Whereas Ben Affleck continues to go downhill after "Good Will Hunting," Matt Damon has striven uphill, taking on daring productions such as "The Talented Mr. Ripley," "The Bourne Identity" series, and of course "Rounders," which features one of his best performances. Damon has become typecast as some sort of bad actor in the league of Affleck, but he's much better than his pal, and films like this prove it.
Norton is once again superb as one of his characters you love to hate. He's got the character of Worm down pat, and it really elevates the acting (along with Damon) to a level of greatness.
The film is directed and written very well, offering realistic dialog and gritty environments. However the flaws of the movie are its long running time (two hours exactly), which could have been shortened, and probably the fact that its card playing is sometimes a bit alienating to the audience.
That said, this is still a very underrated movie featuring outstanding performances and a unique spin on gambling flicks. Worth watching at least once in a lifetime.
Have to first mention the great performances by Matt Damon, Edward Norton, John Malkovich, and Martin Landeau. Good story, although Worm was one the biggest jerks I've seen interpreted on film lately. Really liked the narration of what's going on during high stakes poker matches. Talked to poker playing people who thought the game was represented well. The one-on-ones between Damon and Malkovich were terrific.
I have no idea if this movie is at all realistic (certainly so many people
inhabiting this strata of the poker world can be so good looking), but at
least it has the ring of verisimilitude. Not only does it show us the
workings of a somewhat exotic (to me, anyway) part of the world, but it
manages to do this stylishly while treating us to an interesting character
study and a clever plot.
The story is about a young "rounder" who is trying to go straight by going to law school (although our first glimpse of him shows him losing all his money in a high-stakes poker game with a Russian gangster). He quits gambling for a while until a old friend (played by Norton) returns to his life and lands him in deep trouble. What I especially like about the movie is that is starts off as if this plot line is the main subject, when in fact the movie is about this person learning important things about himself. And there is a lot of information about poker...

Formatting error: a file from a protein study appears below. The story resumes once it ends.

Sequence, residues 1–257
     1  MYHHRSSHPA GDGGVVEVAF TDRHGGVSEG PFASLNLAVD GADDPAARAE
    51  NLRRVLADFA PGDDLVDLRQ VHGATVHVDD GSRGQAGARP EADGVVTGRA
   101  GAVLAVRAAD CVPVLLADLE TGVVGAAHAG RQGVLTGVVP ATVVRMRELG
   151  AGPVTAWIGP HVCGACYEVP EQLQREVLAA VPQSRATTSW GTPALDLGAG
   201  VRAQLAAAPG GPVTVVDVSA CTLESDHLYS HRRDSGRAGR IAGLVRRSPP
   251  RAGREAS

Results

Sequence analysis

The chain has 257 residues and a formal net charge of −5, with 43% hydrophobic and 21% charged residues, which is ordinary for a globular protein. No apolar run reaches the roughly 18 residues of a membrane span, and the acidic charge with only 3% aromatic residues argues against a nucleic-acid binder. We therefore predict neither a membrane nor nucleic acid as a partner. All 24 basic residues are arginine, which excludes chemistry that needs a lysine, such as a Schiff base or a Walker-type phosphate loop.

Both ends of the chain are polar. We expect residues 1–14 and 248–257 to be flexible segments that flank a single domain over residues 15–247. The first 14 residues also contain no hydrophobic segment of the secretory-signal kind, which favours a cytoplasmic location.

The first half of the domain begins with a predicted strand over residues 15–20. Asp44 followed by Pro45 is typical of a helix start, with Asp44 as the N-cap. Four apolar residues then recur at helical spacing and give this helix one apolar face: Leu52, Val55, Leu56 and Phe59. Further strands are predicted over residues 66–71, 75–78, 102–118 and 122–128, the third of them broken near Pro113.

Damon is especially impressive among a uniformly good cast.
This film was unjustly panned as lethargic and bleak without a purpose.
Considering how Hold 'Em has developed into one of the biggest social
fads in the last decade, I would say that this film captures every
emotional aspect the 'swings' of No Limit typically carry.
I had absolutely no idea how to play the game when I first saw this movie about five years ago. The dialogue is wrought with jargon that almost makes a mockery of itself. Especially since much of the movie is done with voice-over, I can see where critics are coming from. However, the viewer should not allow themselves to get bogged down with it all, we get the gist with well-developed staging and performances.
Damon and Norton play off each other better than Damon and Affleck. Though the story echoes in the wake of Scorsese's 'Mean Streets', the performances seem more detailed than the Keitel/DeNiro combo. The supporting roles add great depth to the film, and Tutorro shines as the wise-old has-been that successfully provides Damon's character with the cold-hard truth he never seems to adhere to (until it is too late).
Above all, we feel compelled to cheer for Damon's Mike McDermott the ENTIRE time. He acknowledges his 'bad' play but constantly tries to explain that this is a game of skill and not luck. This is an important element considering the widely accepted belief that any success in gambling is the result of luck. This may be true in the bloodsucking casinos, but in Hold 'Em you play the chips AND the man.
Now that baseball is out of the Olympics, perhaps we will see a push for a true "WORLD Series of Poker". Then again, I also wanted to see 'Four Square' made into an official event when I was 8, so maybe I'm just talking out of my ass...
Should be commended as a precursor to a pandemic fad that is costing teens (and their parents) millions daily.
*** (of ****)